FSL members form queer affinity space

A new affinity group for queer identifying people in sororities, the Queer Panhellenic Association, aims to create community for the LGBTQ+ students in UVM Sorority Life.

QPA hopes to become a place where LGBTQ+ panhellenic members can uplift one another and celebrate living a queer life in a heteronormative society, according to a Feb. 26 QPA Instagram post.

“The generic stereotype of a sorority person is a sorority woman, a cisgender straight girl, and that’s not necessarily the case for everybody in a sorority, especially here at UVM,” said junior Cassandra Uy, Panhellenic Vice President of Diversity, Equity and Inclusion Chair, member of QPA, and member of Pi Beta Phi, who identifies as nonbinary and transgender.

The affinity space is currently only accepting female identifying and non-binary members in sororities. The group is assessing whether members feel comfortable with accepting male-identifying students into the group, said junior Eliza Ligon, QPA director of outreach and member of Kappa Alpha Theta, who identifies as queer and pansexual.

Sorority life can be difficult at times for a queer person, Ligon said.

An affinity space is important to allow for LGBTQ+ individuals to express their hardships Ligon said.

“The reason why the affinity space can exist […] is because there are really beautiful moments of being a queer person in greek life,” Ligon said.

The idea came from a nonbinary member of Alpha Delta Pi who hoped to create a community where LGBTQ+ members of sorority life could come get to know each other and reaffirm their presence in the community, Ligon said.

“Greek life is a system that was built on a history of oppression,” Ligon said. “We weren’t the people who the space was built for.”

This is why members believe the affinity space is so important. It helps to reimagine what FSL could be with further inclusion, Ligon said.

“It’s not just the silencing of queer voices, which it’s not even necessarily intentional,” Ligon said. “It’s just a forgetfulness sometimes. It reminds us that we are here and to remind other people that we’re here too.”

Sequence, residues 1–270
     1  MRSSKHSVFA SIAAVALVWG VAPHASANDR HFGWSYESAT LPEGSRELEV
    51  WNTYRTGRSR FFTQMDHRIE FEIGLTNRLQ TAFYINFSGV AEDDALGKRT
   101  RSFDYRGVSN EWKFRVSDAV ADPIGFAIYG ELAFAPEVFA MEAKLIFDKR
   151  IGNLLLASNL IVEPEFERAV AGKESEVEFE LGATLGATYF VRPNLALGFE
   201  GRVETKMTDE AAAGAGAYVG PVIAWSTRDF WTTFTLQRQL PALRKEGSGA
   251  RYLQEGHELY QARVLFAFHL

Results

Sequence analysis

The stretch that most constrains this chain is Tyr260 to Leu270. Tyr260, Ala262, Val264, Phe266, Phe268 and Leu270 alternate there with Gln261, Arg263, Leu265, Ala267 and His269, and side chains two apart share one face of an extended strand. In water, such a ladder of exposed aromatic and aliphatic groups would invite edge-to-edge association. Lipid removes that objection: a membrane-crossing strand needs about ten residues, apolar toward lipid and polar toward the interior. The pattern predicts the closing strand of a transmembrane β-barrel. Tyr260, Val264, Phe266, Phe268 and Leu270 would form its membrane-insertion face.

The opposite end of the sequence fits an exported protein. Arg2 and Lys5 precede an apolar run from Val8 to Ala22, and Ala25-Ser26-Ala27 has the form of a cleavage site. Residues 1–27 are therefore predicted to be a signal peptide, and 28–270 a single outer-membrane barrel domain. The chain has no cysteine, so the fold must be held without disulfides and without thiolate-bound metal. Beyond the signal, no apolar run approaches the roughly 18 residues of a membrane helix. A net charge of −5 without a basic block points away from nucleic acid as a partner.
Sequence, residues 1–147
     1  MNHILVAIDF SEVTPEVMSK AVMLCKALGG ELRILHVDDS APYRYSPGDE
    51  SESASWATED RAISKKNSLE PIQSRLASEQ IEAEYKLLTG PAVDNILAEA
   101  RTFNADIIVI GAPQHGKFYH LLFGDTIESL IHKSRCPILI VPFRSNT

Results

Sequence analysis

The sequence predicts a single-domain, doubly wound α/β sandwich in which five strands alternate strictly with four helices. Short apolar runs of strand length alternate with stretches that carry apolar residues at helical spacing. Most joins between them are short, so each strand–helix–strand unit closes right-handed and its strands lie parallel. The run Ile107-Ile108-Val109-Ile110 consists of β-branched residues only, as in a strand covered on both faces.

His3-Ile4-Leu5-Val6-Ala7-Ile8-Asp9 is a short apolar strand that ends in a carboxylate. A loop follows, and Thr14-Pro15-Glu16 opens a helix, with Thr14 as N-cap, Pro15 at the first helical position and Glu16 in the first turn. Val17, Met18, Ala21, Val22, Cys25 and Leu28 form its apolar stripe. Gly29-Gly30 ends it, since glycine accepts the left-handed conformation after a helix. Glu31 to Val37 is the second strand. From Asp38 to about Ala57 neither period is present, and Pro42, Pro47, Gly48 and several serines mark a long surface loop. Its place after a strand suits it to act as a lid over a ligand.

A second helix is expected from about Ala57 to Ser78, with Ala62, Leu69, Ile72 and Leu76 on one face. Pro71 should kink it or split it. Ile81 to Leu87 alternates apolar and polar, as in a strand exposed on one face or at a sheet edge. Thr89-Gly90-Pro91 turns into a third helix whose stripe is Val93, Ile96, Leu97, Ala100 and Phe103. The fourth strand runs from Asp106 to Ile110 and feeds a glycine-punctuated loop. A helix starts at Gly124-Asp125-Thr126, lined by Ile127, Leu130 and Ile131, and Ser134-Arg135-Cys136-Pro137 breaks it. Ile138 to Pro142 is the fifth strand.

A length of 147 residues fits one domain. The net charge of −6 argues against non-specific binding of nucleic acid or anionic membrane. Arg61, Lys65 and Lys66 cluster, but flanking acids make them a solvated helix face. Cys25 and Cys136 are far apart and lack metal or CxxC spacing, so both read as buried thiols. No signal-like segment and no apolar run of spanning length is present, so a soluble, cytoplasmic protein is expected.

The UVM College Panhellenic Association website stated the University’s Panhellenic recruitment is accessible for all who identify as women.

The website does not use any language inclusive of nonbinary or gender-nonconforming individuals.

There has been a lot of progress regarding inclusion made by the Jewish Council of Sorority Women and The Sisters of Color affinity space, Cassandra Uy said.

The Jewish Council of Sorority Women and the Sisters of Color organization have actively been pushing for progress, Uy said.

However, there has never been a designated FSL affinity space for queer people until now.

Up until fall 2021, Uy was the only member of their sorority that did not use she/her pronouns, they said.

Uy found that gender inclusive language was not being used in group settings, they said.

After speaking with other members in their community, Uy said they found that the use of gendered language was an issue within the University’s Panhellenic community.

“My main challenge going into recruitment is implementing education on gender inclusive laguage and taking a step back from the heteronormative structure within [FSL],” Uy said.

This work requires changing the language of recruitment guidelines and bylaws, all of which currently state someone must be a woman at UVM to join a sorority, Uy said.

Uy hopes to expand sorority spaces that traditionally only accommodate women to include all non-male identifying people, they said.

Uy also hopes to see queer voices amplified within UVM sororities and for a community to form that allows for people to voice issues that the cisgender and heterosexual members of FSL would not understand, they said.

Uy wants to make the University’s FSL community a more diverse place where all voices are equally valued. They are excited to see the work QPA will do to further this endeavor, they said.